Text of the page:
After 4 months of decline, India's headline inflation rate rose to 2.6 percent in February but the central bank noted the increase was due to higher prices of goods that exclude food and fuel, such as personal care and recreation, and inflation expectations by households declined.
      In February RBI forecast inflation of 2.8 percent in the fourth quarter of 2018/19 but today it lowered this to 2.4 percent.
     For the first half of 2019/20 RBI forecast inflation of 2.9-3.0 percent, down from its previous forecast of 3.2-3.4 percent, and inflation of 3.9 percent in the third quarter of the current fiscal year, with risks broadly balanced.
     RBI targets inflation of 4.0 percent.
     Unlike February, when RBI's monetary policy committee was unanimous in its decision, 4 of its members, including the governor, voted for today's rate cut while 2 members to maintain the rate.

Monday, April 1, 2019

Ghana holds rate but won't hesitate to tighten if needed

     Ghana's central bank left its policy rate steady at 16.0 percent but said it would not "hesitate to take immediate and decisive policy actions including on a tighter monetary policy stance, should these risks materialize and threaten to dislodge the disinflation process."
     The Bank of Ghana (BOG), which has been in a monetary easing cycle since November 2016, said its monetary policy stance is still relatively tight and real interest rates in Ghana are comparatively high but there are risks to its outlook for inflation from the depreciation of the cedi.
     After BOG cut its rate by another 100 basis points in late January, the cedi fell around 11 percent in February through mid-March, with BOG attributing this to seasonal pressures on the back of foreign exchange demand by importers and corporates, and sentiment over the economic outlook after the completion of the IMF-supported program and its implication for the next election cycle.
     The cedi was trading at 5.35 to the U.S. dollar today, down 9 percent this year.
      Although the full pass through of this depreciation to inflation has yet to be assessed, BOG noted the overshooting of the exchange rate had corrected to 5.2 percent at the end of March compared with 8 percent as of March 19, and is of the view that a slowing pace of disinflation and upside risks to the outlook for inflation are not enough to dislodge inflation expectations.
      Since November 2016 BOG has cut its key rate by 10 percentage points as inflation has steadily declined.
     Ghana's inflation rate rose to 9.2 percent in February from 9.0 percent in January but this is well down from over 19 percent in March 2016, helped by the tight monetary policy stance, and inflation is still within BOG's medium-term target band and inflation expectations remain well-anchored.
    Ghana's economy remains relatively strong, BOG said, adding the negative output gap seems to be closing at a relatively modest pace and 2018 growth is projected at 5.6 percent after average growth of 6.1 percent in the first three quarters, with 2018 non-oil output growing at 5.8 percent.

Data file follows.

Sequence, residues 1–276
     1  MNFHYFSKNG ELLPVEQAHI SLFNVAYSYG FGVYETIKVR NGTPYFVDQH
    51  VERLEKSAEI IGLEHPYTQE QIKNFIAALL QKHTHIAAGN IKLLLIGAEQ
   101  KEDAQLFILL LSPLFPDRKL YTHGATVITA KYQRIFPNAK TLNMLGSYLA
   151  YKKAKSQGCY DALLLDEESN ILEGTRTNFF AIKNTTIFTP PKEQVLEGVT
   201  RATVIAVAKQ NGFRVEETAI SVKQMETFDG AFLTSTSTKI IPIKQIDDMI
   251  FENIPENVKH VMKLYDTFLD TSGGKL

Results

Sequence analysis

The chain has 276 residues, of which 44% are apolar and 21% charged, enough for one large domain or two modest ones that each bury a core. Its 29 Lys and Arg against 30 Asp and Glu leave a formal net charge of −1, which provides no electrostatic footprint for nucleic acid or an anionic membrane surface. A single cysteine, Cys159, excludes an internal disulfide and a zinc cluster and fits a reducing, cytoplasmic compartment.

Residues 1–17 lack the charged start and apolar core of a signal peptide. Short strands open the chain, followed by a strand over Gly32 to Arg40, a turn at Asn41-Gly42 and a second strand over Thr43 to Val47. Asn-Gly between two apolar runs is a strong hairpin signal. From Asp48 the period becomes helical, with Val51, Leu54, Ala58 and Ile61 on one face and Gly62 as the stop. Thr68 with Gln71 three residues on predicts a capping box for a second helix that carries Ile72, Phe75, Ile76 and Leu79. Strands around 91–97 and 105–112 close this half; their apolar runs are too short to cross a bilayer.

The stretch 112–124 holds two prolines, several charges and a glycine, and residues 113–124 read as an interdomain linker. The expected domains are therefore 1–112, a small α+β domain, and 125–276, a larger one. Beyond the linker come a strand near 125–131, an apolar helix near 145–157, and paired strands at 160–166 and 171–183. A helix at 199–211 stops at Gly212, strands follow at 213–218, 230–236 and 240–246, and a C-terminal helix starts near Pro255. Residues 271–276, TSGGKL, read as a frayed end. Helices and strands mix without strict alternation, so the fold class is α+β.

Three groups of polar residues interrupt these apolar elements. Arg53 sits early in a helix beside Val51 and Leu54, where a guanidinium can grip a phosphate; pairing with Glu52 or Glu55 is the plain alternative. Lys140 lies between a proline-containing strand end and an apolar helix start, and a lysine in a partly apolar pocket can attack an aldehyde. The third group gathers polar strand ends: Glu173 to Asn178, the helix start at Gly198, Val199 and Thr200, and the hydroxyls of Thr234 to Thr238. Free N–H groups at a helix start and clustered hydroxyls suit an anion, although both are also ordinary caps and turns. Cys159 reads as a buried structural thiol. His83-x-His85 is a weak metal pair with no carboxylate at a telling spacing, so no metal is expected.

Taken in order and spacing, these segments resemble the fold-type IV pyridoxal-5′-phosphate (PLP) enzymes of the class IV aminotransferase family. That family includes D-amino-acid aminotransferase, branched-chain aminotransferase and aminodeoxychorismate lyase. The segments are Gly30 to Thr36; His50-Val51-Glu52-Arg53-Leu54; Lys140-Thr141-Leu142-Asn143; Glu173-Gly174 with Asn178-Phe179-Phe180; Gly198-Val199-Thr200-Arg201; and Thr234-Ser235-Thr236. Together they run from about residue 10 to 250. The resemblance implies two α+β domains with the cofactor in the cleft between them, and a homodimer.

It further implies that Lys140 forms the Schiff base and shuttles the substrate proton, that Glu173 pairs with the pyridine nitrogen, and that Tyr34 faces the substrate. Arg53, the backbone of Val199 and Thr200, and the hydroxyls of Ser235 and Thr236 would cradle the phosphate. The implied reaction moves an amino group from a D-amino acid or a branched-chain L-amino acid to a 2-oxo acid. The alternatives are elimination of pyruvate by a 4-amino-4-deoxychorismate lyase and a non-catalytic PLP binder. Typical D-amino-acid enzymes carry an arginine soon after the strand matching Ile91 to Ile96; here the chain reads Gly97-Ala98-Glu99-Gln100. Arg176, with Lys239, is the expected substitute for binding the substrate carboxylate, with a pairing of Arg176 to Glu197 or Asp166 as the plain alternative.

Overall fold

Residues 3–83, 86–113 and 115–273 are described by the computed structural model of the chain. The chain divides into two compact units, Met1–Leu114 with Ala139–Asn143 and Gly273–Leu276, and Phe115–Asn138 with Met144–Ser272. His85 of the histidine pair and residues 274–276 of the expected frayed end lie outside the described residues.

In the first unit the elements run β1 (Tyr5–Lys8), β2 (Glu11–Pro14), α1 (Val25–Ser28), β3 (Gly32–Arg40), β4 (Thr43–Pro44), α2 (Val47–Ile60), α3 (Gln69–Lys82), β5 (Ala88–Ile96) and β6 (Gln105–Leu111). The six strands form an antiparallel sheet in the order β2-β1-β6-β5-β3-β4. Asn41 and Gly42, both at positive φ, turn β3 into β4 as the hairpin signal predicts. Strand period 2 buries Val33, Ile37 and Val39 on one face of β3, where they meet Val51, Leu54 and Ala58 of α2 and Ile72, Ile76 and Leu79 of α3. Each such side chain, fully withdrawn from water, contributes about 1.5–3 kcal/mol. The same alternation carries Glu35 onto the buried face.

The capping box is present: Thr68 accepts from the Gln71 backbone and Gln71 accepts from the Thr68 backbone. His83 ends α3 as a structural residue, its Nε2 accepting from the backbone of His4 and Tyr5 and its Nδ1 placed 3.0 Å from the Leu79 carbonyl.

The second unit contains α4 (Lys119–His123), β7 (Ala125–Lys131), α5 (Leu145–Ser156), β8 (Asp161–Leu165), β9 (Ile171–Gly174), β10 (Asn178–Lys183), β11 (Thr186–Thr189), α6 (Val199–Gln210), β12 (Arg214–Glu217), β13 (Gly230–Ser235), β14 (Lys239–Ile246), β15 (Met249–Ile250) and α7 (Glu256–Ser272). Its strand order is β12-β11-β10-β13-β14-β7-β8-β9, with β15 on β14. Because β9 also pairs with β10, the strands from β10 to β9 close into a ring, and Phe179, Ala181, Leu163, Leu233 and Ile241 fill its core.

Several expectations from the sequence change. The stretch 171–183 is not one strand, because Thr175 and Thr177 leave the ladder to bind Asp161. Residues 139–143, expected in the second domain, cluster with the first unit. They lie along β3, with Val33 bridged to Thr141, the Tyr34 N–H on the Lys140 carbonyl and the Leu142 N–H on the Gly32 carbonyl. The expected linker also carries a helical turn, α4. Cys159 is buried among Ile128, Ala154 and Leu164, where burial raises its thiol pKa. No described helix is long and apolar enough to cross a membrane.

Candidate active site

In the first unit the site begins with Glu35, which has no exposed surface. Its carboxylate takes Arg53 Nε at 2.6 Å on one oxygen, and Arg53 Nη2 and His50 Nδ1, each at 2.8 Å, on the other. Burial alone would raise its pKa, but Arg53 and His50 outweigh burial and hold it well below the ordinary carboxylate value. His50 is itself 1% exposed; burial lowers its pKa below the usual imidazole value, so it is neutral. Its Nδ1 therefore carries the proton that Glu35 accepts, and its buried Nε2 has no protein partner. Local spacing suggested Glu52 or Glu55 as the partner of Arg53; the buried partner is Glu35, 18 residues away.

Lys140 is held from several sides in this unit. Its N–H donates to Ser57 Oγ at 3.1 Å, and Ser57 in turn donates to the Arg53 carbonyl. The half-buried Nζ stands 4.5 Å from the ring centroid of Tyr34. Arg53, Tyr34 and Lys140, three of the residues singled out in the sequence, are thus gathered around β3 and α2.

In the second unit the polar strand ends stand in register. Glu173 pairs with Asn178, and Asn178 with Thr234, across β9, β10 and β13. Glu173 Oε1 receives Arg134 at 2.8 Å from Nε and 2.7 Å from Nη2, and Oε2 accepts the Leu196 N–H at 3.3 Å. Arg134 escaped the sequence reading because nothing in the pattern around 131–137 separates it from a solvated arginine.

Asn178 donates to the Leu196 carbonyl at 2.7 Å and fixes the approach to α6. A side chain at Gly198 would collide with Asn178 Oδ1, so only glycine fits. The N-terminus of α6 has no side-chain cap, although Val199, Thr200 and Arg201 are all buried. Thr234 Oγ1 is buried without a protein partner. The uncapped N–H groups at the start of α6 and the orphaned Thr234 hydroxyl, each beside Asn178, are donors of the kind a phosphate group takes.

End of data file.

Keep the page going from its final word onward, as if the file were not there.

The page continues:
For 2019 growth is projected to rise to 7.6 percent, with the composite index of economic activity showing growth of 3.2 percent in January, up from 2.4 percent in December.
     Helped by slightly higher crude oil and gold prices amidst lower cocoa prices - Ghana's three main exports - Ghana's trade surplus improved to 1.3 percent of GDP in the first quarter from 1.1 percent in the same period last year, leading to a 0.3 percent surplus in the current account.
     Together with inflows from Ghana's $3 billion Eurobond in March, the balance of payments is estimated to show a surplus of some US$3.135 billion, or 4.6 percent of GDP, for the first quarter. Excluding the Eurobond proceeds, the surplus is seen at $449 million.

Uganda keeps rate steady, inflation seen close to target

     Uganda's central bank left its Central Bank Rate (CBR) unchanged at 10.0 percent, saying inflation has developed in line with its forecast and conditions for inflation to remain close to its target of 5.0 percent in next 2 to 3 years have not changed to any great extent.
     The Bank of Uganda (BOU), which had kept its rate steady since a 100 basis point rate hike in October last year, also said the country's economy was operating around its potential growth level of 6.0-6.5 percent although economic activity seems to be softening and downside risks to growth have risen, mainly those risks that revolve around unresolved trade tensions that are affecting global and domestic trade and investment activities.
      Headline inflation in Uganda was steady at 3.0 percent in March and February while core inflation rose to 4.6 percent from 3.7 percent in the same period.
     Although the outlook is unchanged compared with the February round of forecasts, BOU said medium-term inflation is slightly higher than earlier expected, with headline inflation and core inflation forecast to peak at 6.3 percent and 6.4 percent, respectively, in the third quarter of 2021.
      In February BOU forecast headline and core inflation would peak at 5.5 percent and 5.3 percent in the first quarter of 2020.
      Uganda's economy has been in an upturn since early 2017 and in financial year 2017/18, which ended July 1, 2018, the economy expanded by 6.1 percent and in February BOU forecast 6.3 percent growth in the current 2018/19 year, and remain on a steady growth trajectory in coming years.
      In the third calendar quarter of 2018, gross domestic product was up 6.8 percent year-on-year, up from 5.2 percent in the second quarter.
     Uganda's shilling has slowly appreciated since mid-2018 and was trading at 3,715 to the U.S. dollar today, marginally up from the start of the year.